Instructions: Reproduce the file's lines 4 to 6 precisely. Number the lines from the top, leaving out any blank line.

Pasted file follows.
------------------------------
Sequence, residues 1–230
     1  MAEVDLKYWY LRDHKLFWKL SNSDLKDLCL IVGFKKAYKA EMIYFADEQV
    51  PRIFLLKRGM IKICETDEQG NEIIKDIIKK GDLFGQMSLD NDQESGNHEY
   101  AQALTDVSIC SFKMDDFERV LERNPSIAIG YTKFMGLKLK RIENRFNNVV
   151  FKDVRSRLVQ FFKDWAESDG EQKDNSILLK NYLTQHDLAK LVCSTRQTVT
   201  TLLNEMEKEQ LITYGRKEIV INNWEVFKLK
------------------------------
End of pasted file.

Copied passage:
   101  AQALTDVSIC SFKMDDFERV LERNPSIAIG YTKFMGLKLK RIENRFNNVV
   151  FKDVRSRLVQ FFKDWAESDG EQKDNSILLK NYLTQHDLAK LVCSTRQTVT
   201  TLLNEMEKEQ LITYGRKEIV INNWEVFKLK